Data Storage Revolution: Nasuni and Scott Dussault

After a two-hour drive in the wonderful traffic of the Greater Boston Area, I arrived at Nasuni to conduct my interview with the company’s CFO/COO and seasoned startup operator, Scott Dussault. Nasuni’s offices are located between an orthopedic rehab office and a daycare, the perfect location for any budding software company. As Scott joked in an email with me, you could not make this stuff up; such is life at a promising startup I’d soon learn.

Scott Dussault, an avid New England Patriots fan and a graduate of Stonehill College, is a great resource for my first blog post. Beginning at Ernst and Young, he would later go on to StorageNetworks, which had an IPO in 2000, and was the pioneer in “cloud storage” before that was a term we’d all come to know.  From there Scott went to Archivas, Inc., which would get acquired by Hitachi. Eventually Scott ended up at Demandware, which he would help take public in another successful IPO in 2012. After that adventure, Scott joined Nasuni as CFO/COO.

The CFO/COO position is not rare, but not typical. Scott explained that normally the CEO is also the COO, especially at startups like Nasuni. But in Nasuni’s case the founder and CEO, Andres Rodriguez, is very involved in evangelizing his vision, which includes talking to customers and partners, gathering market data firsthand, and speaking at conferences as a thought leader in cloud storage. As a result, a COO was needed. Using a football analogy, Andres takes on the role of Bill Belichick, gathering as much information as possible to improve his company, while Scott takes on the role of Tom Brady. As CFO/COO, he must help coordinate the rest of the Nasuni team and devise an offensive plan of action. He also has to make sure the plan is executed properly, and adjusted accordingly. 

Scott, being a seasoned executive in the realm of cloud-based technology and software, did not hesitate to explain to me what Nasuni is and how it works. His technical knowledge was deeper than I would have expected from an employee with a finance and accounting background. Nasuni provides cloud-based software that focuses on storing unstructured data (think: files on your computer). It is a global network that prides itself on being accessible at all locations of a business and one that is infinitely scalable. Nasuni software automatically provides enterprise-class security and backup on all data stored within its system, being able to seamlessly integrate data so that the most up to date files are available to all locations within a company. This is done through an appliance, that allows for the software to be accessed – but it’s the software that’s the real magic.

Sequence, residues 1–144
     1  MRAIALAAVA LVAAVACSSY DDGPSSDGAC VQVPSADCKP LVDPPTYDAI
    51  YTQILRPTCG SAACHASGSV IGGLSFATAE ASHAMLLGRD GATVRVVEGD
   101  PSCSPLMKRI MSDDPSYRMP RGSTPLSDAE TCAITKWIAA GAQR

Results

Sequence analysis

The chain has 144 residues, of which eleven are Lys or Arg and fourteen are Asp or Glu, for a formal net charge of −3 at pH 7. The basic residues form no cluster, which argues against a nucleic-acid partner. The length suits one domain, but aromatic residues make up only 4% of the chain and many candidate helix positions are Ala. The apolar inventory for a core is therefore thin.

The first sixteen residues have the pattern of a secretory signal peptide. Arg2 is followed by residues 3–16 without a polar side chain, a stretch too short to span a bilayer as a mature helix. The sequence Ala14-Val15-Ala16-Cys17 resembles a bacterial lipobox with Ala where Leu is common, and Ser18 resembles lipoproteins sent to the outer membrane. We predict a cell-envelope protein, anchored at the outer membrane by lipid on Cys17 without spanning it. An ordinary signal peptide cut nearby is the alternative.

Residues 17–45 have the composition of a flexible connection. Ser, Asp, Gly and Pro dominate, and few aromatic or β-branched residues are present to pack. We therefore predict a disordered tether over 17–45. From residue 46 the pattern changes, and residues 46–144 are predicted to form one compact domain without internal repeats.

Talking with Scott was an eye opening experience. What Nasuni is doing with cloud-based technology and software is not only interesting, but could be the next step in the realm of data storage. I asked Scott what has changed since StorageNetworks to now that enhances the opportunity for Nasuni in the cloud storage space. Technology and the buyer’s mindset were the two most important changes according to Scott. Nasuni’s technology is superior to any other technology ever developed to allow for performance, scalability, and security from a cloud-based solution. And today, customers want to buy their computing needs as a service, where as at StorageNetworks the market did not think that way, making it harder to sell.  

While Nasuni is doing well, Scott does not think the time is right to access the public markets yet. He would like to see the company deepen its hold in the market and continue to expand its customer base. Despite this fact, Scott thinks that Nasuni will be ready to go public in the next few years. Based on my trip to Nasuni don’t be surprised if in the near future your company is using Nasuni for all its data storage needs.

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